WASHINGTON (AP) -- President Donald Trump sought to showcase the federal government's response to Hurricane Harvey in a tweetstorm of his own and announcing a visit to Texas with the natural disaster only just beginning to take its catastrophic toll.
In a series of tweets Sunday Trump said his administration was handling its responsibilities well.
"Wow - Now experts are calling #Harvey a once in 500 year flood! We have an all out effort going, and going well!"
He later added: "Even experts have said they've never seen one like this!"
Harvey is the first major natural disaster of Trump's presidency and a significant test for a White House that is often chaotic and rife with infighting. Attention on Harvey from officials, the public and the news media also allows Trump to refocus after a turbulent stretch that included his widely criticized response to the white nationalist protests in Charlottesville, Virginia.
Trump, who spent most of the weekend at the presidential retreat at Camp David, Maryland, convened a Cabinet meeting by telephone Sunday which included Vice President Mike Pence. He tweeted a promise of a Texas visit "as soon as that trip can be made without causing disruption" --- later announced by the White House as Tuesday.
Texas Gov. Greg Abbott loaded heavy praise on Trump and the federal government, describing an "A-plus" effort.
"I've got to tell you, I give FEMA a grade of A+, all the way from the president down," Abbott said. "I've spoken to the president several times, to his Cabinet members, such as secretary of homeland security, such as the administrator of FEMA, such as Tom Price, the secretary of health and human services."
The devastating storm has dumped more than 2 feet of rain, sending thousands of people in Houston to rooftops for rescue and prompting a warning from Federal Emergency Management Agency director Brock Long of a "landmark event" that could require years to get damaged areas back on track.
"All across the board, from the White House to the federal administration to FEMA, they've been very helpful," Abbott said.
Harvey made landfall along the Gulf Coast on Friday night as a Category 4 storm near Corpus Christi, and moved northeast along the Texas coast over Houston. Abbott said he expected heavy rain "for days to come."
The governor commended Trump for being "extremely professional, very helpful" in moving quickly to grant his request Friday for an immediate disaster declaration, which triggers additional federal assistance to aggrieved areas.
Abbott said the focus was on rescue in the Houston area, citing multiple high-level vehicles sent in late Saturday night that were being manned by the National Guard, but that boats and helicopters will be available all across east Texas for swift water rescue. Still, in many areas, Houston officials were reporting flooding so widespread that rescuers were getting too many calls to respond to each one and had to prioritize life-and-death situations.
"We're measuring rain these days not in inches but in feet," Abbott said.
In his tweets, Trump praised Federal Emergency Management Agency Administrator Brock Long for "doing a great job" and touted the "great coordination between agencies at all levels of government." He also tweeted Sunday morning about his Cabinet meeting to address Harvey. The Department of Homeland Security, which oversees FEMA, is currently without a secretary.
"Major rescue operations underway!" he wrote.
Trump's tweets had their oddities and non-sequiturs. He also addressed the North America Free Trade agreement, the need for a wall along the U.S.-Mexico border and tax cuts. Trump also found time to promote a book by Milwaukee County, Wisconsin, Sheriff David Clarke, a Trump supporter often on television discussing his conservative views of race, crime and law enforcement.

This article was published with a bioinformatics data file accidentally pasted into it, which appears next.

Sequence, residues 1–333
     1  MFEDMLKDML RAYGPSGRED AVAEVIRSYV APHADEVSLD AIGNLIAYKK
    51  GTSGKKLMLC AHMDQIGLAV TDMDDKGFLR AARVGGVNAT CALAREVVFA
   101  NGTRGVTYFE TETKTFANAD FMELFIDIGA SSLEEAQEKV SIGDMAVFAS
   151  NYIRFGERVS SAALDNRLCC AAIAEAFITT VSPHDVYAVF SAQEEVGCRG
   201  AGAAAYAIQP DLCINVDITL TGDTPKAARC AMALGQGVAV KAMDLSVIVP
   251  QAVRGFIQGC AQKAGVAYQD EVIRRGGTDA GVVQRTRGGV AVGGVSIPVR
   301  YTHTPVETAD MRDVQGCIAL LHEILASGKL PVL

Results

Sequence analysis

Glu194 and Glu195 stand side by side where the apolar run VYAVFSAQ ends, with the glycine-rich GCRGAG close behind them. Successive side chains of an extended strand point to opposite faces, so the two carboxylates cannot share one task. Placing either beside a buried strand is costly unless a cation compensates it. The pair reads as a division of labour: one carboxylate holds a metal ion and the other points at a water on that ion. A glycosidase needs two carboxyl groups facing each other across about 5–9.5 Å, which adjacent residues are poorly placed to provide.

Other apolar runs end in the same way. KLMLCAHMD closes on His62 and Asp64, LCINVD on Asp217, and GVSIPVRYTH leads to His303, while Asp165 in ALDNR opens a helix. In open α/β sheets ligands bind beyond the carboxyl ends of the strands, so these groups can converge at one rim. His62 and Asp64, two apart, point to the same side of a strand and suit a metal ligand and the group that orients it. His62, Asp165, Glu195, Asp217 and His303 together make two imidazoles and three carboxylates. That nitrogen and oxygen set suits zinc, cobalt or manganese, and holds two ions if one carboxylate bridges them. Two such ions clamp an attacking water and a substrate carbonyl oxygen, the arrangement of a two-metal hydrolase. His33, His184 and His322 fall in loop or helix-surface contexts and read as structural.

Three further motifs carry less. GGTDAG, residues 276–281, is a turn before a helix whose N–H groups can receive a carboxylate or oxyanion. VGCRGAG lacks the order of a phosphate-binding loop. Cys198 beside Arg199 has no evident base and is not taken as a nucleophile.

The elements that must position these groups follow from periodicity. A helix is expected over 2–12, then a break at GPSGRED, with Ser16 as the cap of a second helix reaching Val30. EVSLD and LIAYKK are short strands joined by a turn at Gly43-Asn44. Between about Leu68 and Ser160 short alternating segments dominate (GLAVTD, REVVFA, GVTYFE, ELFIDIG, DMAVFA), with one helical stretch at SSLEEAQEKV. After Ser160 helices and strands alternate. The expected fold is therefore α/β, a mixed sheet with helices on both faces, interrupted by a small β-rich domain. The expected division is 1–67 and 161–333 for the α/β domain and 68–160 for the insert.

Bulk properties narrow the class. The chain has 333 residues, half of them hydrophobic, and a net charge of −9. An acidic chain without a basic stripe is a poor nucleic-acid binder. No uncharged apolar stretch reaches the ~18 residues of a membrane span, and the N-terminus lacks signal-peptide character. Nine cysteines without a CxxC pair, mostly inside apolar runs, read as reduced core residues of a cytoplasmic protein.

The White House released a summary of the Cabinet conference call, saying Trump "continued to stress his expectation that all departments and agencies stay fully committed to supporting the Governors of Texas and Louisiana and his number one priority of saving lives."
The Trump administration efforts seek to offer a contrast to President George W. Bush's response to Hurricane Katrina, which hit New Orleans in August 2005 and left more than 1,500 dead. The mismanaged response of Bush's FEMA administrator, Michael Brown, to that hurricane, as well as Bush's praise of Brown for doing a "heck of a job" in the immediate days after, dogged Bush for the rest of his presidency.
On Sunday, Long said FEMA is now "vastly different" than in 2005 and that he has the power he needs to mobilize forces and coordinate staffing. He said the agency was already preparing to handle the aftermath in Texas for the next couple of years.
"This disaster's going to be a landmark event," Long said. "While we're focused on the response right now and helping Texas respond, we're already pushing forward recovery housing teams, we're already pushing forward forces to be on the ground to implement national flood insurance program polices as well and doing the inspections that we need."
White House homeland security adviser Tom Bossert defended the early compliments between Trump and Abbott for the response to Harvey, citing the quick action to declare a disaster before landfall to get additional resources in place. But Bossert acknowledged the worst was yet to come, estimating "continued rain, upwards of 30 inches."
"I've been around dozens and dozens of major disasters and hurricanes, hundreds of disasters. I've never seen 30 inches of rain," he said. "We're going to posture ourselves for the long-term care of the medical needy, of the elderly, of the weak and then we'll put ourselves in the position to provide the resources to rebuild and recover," he said.
Abbott spoke on ABC's "This Week" and "Fox News Sunday," Long appeared on CNN's "State of the Union" and NBC's "Meet the Press," and Bossert was on ABC and CBS' "Face the Nation."